Clearly the diversity of the Greek tradition cannot by itself account for the full scope of Bezae’s distinctive variation, ranging from ten percent in John to over forty percent in Acts against over 1500 witnesses to each gospel and over six hundred witnesses in Acts. Is it plausible that so many readings generated in the first few centuries were subsequently lost to the Greek tradition from which they presumably derived, only to resurface in translation? Until a satisfactory answer is given, it seems premature to rule out any plausible alternative.

On the other hand, is it not more plausible to ascribe this surplus of variation to readings that we know already existed, even in another version? 5 Perhaps these variations arose in translation or entirely within the Latin tradition. Surely some Latin translators active at the time of Jerome and Augustine were capable of translating select passages into Greek. It seems all we require is a motive.

(On possible motives for Latin assimilation, see here and here.)

How old are the Old Latin gospels?

In the second edition of his Introduction and Appendix (1896), B. F. Westcott (1825-1901) suggested a novel criterion to assess so-called external evidence, namely, that the convergence of the Old Latin manuscript 1 (k) with the recently-discovered Sinaitic Syriac palimpsest (sys) could signal a text form of greater antiquity than the combined witness of Codices Vaticanus and Sinaiticus:

“The discovery of the Sinaitic MS of the Old Syriac raises the question whether the combination of the oldest types of the Syriac and Latin texts can outweigh the combination of the primary Greek texts. A careful examination of the passages in which syr.sin and k are arrayed against אB would point to the conclusion.”1

Christened a “methodological formula” by A. Vööbus and, rather dramatically, a “deathbed confession” by W. L. Petersen, Westcott’s “criterion” gained some acceptance, judging from the range of scholars who cited it.2 Yet we wonder whether — with F. J. A. Hort (1828-1892) no longer in the picture as a voice of restraint — Westcott’s remarks reflect a degree of sensationalism following Agnes Lewis’s recent discovery of the Sinaitic Syriac palimpsest in 1892.

No doubt a certain mystique surrounds the early versions. This aura of antiquity can be felt in their weighty titles, Vetus Latina and Vetus Syra. It is only enhanced by the abundance of free text forms they attest, thought to evoke the earliest stages of the New Testament text. Indeed, the Latin and Syriac versions are cited in support of a variety of seemingly ancient traditions, from the pericope adulterae to reports of a light or fire on the Jordan to a range of other traditions. Of course, since the attesting manuscripts tend to be much later than the period of interest, it is routinely noted that the dates of manuscripts matter less than the dates of the texts they contain, which of course may be several centuries older.

But how certain can we be that these particular texts as found in the Old Latin and Old Syriac gospels are very much older than their manuscripts? How reliable is the impression of age of their text forms? Can they somehow transport us behind the Greek tradition?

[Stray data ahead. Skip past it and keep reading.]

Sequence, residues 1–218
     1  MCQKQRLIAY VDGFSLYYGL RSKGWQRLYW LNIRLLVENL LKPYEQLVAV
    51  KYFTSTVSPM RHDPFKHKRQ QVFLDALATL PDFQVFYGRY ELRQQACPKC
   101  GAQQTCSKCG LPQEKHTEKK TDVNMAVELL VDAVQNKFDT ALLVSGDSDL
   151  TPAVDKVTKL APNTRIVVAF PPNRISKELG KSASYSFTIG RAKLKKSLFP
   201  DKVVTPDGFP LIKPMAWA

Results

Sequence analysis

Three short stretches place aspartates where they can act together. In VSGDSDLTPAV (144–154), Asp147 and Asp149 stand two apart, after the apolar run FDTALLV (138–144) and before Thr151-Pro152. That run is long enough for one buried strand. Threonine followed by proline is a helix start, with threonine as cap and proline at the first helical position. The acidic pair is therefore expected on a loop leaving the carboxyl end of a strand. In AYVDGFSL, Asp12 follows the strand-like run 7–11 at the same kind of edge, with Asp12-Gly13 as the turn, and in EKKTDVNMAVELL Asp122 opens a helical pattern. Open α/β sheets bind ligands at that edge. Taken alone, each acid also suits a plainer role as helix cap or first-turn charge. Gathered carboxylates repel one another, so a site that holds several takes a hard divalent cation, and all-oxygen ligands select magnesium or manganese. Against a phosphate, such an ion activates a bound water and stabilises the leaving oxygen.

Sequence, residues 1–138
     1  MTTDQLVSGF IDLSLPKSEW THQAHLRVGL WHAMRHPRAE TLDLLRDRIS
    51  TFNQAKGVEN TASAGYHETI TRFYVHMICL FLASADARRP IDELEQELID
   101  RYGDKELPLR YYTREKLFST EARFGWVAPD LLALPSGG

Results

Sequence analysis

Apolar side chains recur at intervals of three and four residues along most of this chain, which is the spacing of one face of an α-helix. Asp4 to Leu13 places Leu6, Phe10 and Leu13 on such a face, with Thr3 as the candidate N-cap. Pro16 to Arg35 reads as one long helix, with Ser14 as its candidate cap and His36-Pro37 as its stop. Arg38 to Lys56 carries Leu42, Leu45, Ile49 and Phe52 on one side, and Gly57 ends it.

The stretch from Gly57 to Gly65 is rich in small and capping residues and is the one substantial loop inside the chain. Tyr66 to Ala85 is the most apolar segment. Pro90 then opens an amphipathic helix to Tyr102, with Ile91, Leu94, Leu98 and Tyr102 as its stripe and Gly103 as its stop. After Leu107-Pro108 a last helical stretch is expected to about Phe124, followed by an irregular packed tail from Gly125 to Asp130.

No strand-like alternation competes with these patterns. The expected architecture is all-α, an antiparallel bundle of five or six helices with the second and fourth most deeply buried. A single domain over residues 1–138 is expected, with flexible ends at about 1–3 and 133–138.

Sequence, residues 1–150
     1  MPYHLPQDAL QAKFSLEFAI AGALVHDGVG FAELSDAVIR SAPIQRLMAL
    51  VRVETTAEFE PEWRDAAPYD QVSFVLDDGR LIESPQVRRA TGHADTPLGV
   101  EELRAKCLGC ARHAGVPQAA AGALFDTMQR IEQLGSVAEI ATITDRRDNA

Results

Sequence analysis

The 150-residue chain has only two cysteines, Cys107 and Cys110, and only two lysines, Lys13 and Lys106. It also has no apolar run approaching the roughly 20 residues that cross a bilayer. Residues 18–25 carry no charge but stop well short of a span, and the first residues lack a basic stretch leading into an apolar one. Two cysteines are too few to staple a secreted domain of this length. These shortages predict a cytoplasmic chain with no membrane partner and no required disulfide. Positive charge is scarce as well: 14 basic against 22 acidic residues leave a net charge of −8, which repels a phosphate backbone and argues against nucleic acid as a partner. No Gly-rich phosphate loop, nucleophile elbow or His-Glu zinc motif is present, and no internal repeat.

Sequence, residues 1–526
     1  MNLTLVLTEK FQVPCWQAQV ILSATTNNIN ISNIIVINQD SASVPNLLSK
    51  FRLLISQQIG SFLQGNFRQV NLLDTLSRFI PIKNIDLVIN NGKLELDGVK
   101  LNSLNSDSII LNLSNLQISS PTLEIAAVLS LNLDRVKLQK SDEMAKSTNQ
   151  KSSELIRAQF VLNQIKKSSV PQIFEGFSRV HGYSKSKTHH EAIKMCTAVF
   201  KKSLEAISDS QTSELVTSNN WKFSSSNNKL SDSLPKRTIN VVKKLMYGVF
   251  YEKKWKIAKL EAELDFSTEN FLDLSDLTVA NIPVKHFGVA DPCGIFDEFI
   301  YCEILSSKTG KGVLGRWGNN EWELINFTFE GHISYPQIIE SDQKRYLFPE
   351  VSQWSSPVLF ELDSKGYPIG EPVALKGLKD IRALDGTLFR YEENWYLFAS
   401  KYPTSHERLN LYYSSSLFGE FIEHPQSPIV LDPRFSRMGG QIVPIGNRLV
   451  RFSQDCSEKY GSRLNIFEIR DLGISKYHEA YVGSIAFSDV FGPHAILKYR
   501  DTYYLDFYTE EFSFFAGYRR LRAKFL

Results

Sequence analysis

Examining the evidence, it is difficult to see how. Bobbiensis’s text likely dates to a generation or so before Cyprian, perhaps to the 230’s, as Tertullian betrays no knowledge of it.3 The Sinaitic Syriac text is difficult to date, but while perhaps influenced by earlier material seems itself not much earlier than the fourth century — not much earlier indeed than the Greek witnesses it is said possibly to preempt.4 And turning to the manuscripts themselves, we find in the case of the Old Latin that they date mainly to the fifth century:5

MS/Nr Name Contents Date Place
e 2 Palatinus Gospels V Italy
b 4 Veronensis Gospels Late V Italy
d 5 Bezae Cantabrigiensis Gospels,Acts c. 400 Berytus
ff2 8 Corbiensis Gospels V Italy
h 12 Claromontanus Matthew Late V Italy
n 16 Sangallense Gospels V Italy
i 17 Vindobonensis Luke,Mark Late V Italy
t 19 Bernense Mark Late V Italy (?)

Now at the end of the fourth century, the diversity of the Old Latin tradition is mentioned by more than one writer. Jerome writes in the 380’s:

“the Latin manuscripts of the Scriptures are proved to be faulty by the variations which all of them exhibit.”6

And again:

“We must confess that as we have it in our language it is marked by discrepancies, and now that the stream is distributed into different channels we must go back to the fountainhead [i.e. the Greek].”7

Writing about a decade later in 397, Augustine makes a similar observation, also conceding the priority of the Greek:

“As to the books of the New Testament, again, if any perplexity arises from the diversities of the Latin texts, we must of course yield to the Greek.”8

Augustine tries hard to cast these divergent translations in a positive light:

“the great number of the translators proves a very great assistance, if they are examined and discussed with a careful comparison of their texts.”9

But while Jerome was apparently content to make his own revisions (at least in the gospels), Augustine urges anyone with the requisite skills to correct texts:

“For those who are anxious to know, the Scriptures ought in the first place to use their skill in the correction of the texts, so that the uncorrected ones should give way to the corrected.”10